The worm drives helically through the wood
And does not know the dust left in the bore
Once made the table integral and good;
And suddenly the crystal hits the floor.
Electrons find their paths in subtle ways,
A massless eddy in a trail of smoke;
The names of lovers, light of other days –
Perhaps you will not miss them. That’s the joke.
The universe winds down. That’s how it’s made.
But memory is everything to lose;
Although some of the colors have to fade,
Do not believe you’ll get the chance to choose.
Regret, by definition, comes too late;
Say what you mean. Bear witness. Iterate.

A poem, written in a blog post comment in 2003, shows up on a physical wall in 2012.

The poem speaks loudly about the ends of things, our role, and even the work I do, which has everything to do with building systems that can adapt and grow in the face of bit rot and lack of attention.

Damn it, I don’t care if it isn’t hip, I still love the Web.

A James Shore 2006 Post My Favorite Design Read So Far in 2012

James Shore’s post in 2006, “Quality With a Name” summarizes clearly what I try and express and practice in my systems design work.

This is something to not only read and bookmark, but print out to remind folks who are building systems what exactly is good software design.

A good software design minimizes the time required to create, modify, and maintain the software while achieving acceptable run-time performance.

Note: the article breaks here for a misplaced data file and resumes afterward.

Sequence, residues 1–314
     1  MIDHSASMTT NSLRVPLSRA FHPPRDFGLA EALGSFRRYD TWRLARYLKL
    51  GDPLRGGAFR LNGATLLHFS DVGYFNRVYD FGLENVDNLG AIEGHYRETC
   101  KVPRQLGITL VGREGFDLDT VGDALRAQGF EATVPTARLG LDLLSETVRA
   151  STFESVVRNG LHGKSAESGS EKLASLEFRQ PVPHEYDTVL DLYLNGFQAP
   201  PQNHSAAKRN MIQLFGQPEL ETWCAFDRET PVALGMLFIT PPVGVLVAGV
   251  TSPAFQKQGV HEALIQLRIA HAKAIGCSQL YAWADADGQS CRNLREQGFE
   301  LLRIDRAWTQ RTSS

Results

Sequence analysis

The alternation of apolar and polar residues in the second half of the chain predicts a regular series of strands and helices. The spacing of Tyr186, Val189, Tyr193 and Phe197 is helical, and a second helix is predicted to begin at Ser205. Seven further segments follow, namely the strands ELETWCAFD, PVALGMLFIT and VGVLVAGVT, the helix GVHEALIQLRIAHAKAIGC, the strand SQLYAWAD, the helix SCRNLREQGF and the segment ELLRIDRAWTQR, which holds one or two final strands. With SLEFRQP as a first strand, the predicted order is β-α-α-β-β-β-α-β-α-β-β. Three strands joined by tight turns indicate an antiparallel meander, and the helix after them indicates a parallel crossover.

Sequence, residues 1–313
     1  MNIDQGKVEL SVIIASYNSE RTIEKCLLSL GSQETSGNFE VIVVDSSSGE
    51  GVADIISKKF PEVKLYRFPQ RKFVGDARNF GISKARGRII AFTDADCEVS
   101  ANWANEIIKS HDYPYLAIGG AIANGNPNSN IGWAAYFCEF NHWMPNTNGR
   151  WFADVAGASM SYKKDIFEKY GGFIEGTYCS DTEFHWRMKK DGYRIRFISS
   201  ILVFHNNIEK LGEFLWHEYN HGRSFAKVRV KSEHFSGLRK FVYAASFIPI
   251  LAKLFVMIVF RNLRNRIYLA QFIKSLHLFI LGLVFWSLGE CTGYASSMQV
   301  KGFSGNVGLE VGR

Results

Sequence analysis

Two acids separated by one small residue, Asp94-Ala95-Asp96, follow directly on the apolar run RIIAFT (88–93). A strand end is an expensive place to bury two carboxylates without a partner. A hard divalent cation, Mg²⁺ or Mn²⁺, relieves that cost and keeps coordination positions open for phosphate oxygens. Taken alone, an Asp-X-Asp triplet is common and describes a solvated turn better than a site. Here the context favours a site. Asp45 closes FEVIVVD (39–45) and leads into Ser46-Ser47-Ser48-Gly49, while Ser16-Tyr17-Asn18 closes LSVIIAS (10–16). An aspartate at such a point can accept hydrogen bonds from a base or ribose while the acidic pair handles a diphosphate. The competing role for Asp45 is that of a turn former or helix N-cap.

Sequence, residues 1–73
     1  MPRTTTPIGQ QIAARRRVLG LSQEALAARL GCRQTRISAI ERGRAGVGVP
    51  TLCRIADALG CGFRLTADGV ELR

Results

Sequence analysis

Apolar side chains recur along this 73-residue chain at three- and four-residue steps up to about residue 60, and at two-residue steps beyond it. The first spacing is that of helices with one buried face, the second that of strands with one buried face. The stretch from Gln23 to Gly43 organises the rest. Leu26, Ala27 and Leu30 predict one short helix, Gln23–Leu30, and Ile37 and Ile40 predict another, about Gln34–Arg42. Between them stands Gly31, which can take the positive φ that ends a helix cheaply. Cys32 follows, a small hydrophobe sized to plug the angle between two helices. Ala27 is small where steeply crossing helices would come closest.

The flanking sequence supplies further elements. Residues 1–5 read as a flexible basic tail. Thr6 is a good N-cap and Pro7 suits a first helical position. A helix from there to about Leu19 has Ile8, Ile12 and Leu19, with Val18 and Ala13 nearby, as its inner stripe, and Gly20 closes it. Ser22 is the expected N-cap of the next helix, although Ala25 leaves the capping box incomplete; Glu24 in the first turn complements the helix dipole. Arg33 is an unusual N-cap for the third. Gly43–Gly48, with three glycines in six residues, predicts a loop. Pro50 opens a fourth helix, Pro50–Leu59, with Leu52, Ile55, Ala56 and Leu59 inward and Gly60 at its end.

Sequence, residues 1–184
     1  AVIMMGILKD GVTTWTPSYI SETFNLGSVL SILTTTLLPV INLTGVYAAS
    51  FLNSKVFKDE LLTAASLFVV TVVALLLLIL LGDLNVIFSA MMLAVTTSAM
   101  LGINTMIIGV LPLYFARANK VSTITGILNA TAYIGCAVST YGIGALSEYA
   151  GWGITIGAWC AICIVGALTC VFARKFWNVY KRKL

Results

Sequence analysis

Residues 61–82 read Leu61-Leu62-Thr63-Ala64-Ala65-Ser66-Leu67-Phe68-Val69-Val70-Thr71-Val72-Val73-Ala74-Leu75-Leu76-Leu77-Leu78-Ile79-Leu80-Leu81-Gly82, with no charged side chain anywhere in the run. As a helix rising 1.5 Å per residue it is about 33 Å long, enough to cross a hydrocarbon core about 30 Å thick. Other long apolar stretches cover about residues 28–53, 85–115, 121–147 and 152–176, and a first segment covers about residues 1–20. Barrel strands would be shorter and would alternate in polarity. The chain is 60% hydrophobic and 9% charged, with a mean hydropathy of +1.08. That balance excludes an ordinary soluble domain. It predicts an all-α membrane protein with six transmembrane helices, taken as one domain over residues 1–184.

If you’re interested how a number systems I’ve helped design have had such long lives and have grown from small teams to support large ecosystems, “Quality With a Name” is a great place to start

Recently he gave a presentation on evolutionary design that is a good watch.

I’m looking forward to seeing his presentation at Philly’s Emerging Technologies Conference.

For Whom The Bell Tolls

The famous quoted passage from John Donne below has been brought up a few times the past few weeks. Here is the whole: “Meditation 17″:

No man is an island, entire of itself; every man is a piece of the continent, a part of the main; if a clod be washed away by the sea, Europe is the less, as well as if a promontory were, as well as if a manor of thy friend’s or of thine own were; any man’s death diminishes me, because I am involved in mankind, and therefore never send to know for whom the bell tolls; it tolls for thee.

Alistar Croll: “much of human interaction has shifted from atoms to bits”

Read his post on O’Reilly Radar: “The feedback economy”:

In a society where every person, tethered to their smartphone, is both a sensor and an end node, we need better ways to observe and orient, whether we’re at home or at work, solving the world’s problems or planning a play date. And we need to be constantly deciding, acting, and experimenting, feeding what we learn back into future behavior.

We’re entering a feedback economy.